As opposed to the cancer patients that are dying because they're denied access to experimental treatments? The FDA cuts both ways, and it's not at all clear to me that it's a net win, especially when you consider where health care could be if it were allowed to flourish like the computer industry.

Comment: Re:Hi, I'm Left... (Score 1) 639 639

What, are they nuts? Who would want to live in a place where barroom brawls give way to deluges of bullets? Or where would-be minor road rage incidents end up in cars full of corpses? The violent crime rate there must be through the roof!

Except that reality doesn't match left-wing fantasy, and Vermont has one of the lowest murder rates in the country.

I don't understand why people can't leave the shooting of criminals to the police

Because when seconds count, the police are only minutes away.

Comment: Re:because of the ass-hat signature authorities (Score 1) 665 665

I don't think it's realistic to expect people to check certificates before giving out sensitive data (or ever, really). And since that's the case, having encryption-but-not-really seems worse to me than encryption-only-if-it's-secure. The average person won't understand the distinction, and will assume encryption=safe. Since the user can't be expected to check the certificate's authenticity, the CA steps in to fill this role.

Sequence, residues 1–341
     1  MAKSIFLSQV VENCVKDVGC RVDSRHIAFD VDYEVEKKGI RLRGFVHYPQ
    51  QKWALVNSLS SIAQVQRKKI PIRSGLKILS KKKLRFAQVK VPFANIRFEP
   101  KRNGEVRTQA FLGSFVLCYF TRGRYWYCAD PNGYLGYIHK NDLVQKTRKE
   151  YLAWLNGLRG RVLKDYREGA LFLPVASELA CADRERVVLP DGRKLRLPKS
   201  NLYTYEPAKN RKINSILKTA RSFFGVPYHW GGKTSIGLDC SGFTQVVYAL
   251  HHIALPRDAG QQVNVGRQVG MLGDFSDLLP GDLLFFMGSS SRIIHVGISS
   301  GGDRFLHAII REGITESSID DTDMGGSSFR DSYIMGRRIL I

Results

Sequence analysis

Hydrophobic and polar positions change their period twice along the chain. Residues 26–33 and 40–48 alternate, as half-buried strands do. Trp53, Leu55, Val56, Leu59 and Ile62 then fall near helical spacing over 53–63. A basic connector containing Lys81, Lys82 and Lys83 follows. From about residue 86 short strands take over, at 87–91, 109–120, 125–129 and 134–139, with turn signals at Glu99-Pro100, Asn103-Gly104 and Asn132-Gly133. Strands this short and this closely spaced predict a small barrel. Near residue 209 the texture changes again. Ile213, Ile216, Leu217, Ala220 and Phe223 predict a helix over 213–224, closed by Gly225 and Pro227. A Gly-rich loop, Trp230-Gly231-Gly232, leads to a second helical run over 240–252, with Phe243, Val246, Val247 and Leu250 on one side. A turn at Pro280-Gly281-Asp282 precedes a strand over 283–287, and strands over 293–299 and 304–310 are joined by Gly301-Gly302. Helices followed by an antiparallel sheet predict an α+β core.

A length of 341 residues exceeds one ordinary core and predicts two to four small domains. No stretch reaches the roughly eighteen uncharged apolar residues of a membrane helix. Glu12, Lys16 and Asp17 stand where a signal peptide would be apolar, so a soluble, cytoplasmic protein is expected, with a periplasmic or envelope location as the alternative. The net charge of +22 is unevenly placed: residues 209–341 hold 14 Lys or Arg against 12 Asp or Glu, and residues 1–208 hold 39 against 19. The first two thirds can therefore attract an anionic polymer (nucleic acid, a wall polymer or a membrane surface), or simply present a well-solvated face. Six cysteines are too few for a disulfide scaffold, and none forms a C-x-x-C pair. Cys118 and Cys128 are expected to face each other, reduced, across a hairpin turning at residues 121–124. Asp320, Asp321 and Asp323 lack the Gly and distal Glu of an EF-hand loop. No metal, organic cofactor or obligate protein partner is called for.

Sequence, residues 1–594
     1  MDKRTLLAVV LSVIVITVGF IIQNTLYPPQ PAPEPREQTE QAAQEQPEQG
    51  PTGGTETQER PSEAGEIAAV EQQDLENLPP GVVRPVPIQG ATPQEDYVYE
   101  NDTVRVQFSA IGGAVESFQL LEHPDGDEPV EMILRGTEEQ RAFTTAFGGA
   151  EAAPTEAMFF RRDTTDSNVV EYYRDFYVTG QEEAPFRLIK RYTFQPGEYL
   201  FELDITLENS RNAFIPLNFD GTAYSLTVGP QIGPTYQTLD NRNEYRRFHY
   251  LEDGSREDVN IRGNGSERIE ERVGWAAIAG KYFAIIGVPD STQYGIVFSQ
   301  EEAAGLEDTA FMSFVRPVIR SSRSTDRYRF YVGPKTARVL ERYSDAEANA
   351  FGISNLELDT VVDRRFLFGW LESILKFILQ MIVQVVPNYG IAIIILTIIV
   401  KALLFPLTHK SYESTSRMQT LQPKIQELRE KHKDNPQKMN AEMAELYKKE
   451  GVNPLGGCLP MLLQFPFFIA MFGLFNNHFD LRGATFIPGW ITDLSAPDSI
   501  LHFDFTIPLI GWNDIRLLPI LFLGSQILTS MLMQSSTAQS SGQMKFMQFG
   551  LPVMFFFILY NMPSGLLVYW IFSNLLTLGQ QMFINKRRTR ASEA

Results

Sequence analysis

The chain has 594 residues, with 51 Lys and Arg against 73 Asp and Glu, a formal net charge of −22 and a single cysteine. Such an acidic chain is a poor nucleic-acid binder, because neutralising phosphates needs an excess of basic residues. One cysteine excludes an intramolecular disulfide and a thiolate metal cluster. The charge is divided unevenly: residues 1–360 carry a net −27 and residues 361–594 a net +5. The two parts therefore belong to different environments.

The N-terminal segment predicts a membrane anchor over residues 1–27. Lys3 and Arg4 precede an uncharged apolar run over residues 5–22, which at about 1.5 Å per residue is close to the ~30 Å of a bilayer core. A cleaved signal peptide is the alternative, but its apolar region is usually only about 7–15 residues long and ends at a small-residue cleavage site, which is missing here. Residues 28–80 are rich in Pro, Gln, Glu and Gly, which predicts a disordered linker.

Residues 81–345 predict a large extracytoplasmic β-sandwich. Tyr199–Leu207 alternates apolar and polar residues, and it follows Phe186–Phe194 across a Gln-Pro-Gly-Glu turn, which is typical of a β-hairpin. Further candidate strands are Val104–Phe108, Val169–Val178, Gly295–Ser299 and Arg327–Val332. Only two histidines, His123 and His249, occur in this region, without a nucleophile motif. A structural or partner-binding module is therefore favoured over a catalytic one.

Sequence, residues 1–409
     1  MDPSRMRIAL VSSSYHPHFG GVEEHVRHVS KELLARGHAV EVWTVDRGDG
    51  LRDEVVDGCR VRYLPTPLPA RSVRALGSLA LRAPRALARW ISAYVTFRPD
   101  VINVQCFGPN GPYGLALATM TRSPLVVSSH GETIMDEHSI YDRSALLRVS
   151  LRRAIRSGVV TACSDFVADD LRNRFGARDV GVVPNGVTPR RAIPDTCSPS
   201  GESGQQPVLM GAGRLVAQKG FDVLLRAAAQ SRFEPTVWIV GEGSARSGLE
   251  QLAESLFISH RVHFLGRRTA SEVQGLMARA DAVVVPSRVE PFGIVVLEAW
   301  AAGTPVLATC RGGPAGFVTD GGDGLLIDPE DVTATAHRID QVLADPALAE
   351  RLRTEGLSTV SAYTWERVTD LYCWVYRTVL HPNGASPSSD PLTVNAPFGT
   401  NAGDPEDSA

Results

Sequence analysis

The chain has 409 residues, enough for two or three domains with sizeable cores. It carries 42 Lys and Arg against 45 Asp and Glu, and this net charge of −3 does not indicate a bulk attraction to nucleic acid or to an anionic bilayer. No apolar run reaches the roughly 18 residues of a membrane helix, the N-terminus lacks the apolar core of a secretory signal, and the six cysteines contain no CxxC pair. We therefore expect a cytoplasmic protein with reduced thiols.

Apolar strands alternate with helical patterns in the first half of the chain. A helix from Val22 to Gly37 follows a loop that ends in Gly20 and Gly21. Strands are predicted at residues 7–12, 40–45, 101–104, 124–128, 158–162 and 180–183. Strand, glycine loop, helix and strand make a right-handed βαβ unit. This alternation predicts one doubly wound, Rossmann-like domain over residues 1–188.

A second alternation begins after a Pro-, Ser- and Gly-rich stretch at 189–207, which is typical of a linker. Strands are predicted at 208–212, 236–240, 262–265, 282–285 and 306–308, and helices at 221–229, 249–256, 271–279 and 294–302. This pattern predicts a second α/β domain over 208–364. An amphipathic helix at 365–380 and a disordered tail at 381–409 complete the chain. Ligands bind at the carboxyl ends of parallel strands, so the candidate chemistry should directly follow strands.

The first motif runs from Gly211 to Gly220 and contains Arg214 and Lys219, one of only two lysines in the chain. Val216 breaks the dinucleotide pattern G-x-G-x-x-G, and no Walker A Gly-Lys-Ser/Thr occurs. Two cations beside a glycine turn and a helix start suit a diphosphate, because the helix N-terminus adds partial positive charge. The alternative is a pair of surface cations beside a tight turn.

If you give your POP3 or FTP password over a self-signed SSL connection, you might as well send it over plain text. It's not a whole lot harder for somebody in the middle to read, unless you're checking the signature out-of-band. Which you're not.

The general consensus in the encryption community is that bad encryption is worse than no encryption, and I think they're right. On the surface, it is marginally "better" than cleartext, but in the real world it changes people's behavior and makes life much easier for the bad guys.

Your point about spoofed URLs and such is correct, but that's a different problem.

Comment: Re:because of the ass-hat signature authorities (Score 1) 665 665

But that doesn't actually protect you - it just gives you a false sense of security.

If there is no way to verify the identity of the other side, then it's dead simple to stick yourself in the middle, unbeknownst to either legitimate participant. You may think you're having an encrypted conversation with GMail, but you're really having one with me, and I'm having one with GMail pretending to be you. See the problem?

It's like putting black tape over the warning lights in your car. Sure, it makes the problem "go away", but you haven't actually fixed anything.

Use self-signed certificates if you must, but I damn well want my browser to tell me about it. The certificate authorities are far from perfect, but at least you have to create a paper trail of some sort when you want a fraudulent one.

Any programming language is at its best before it is implemented and used.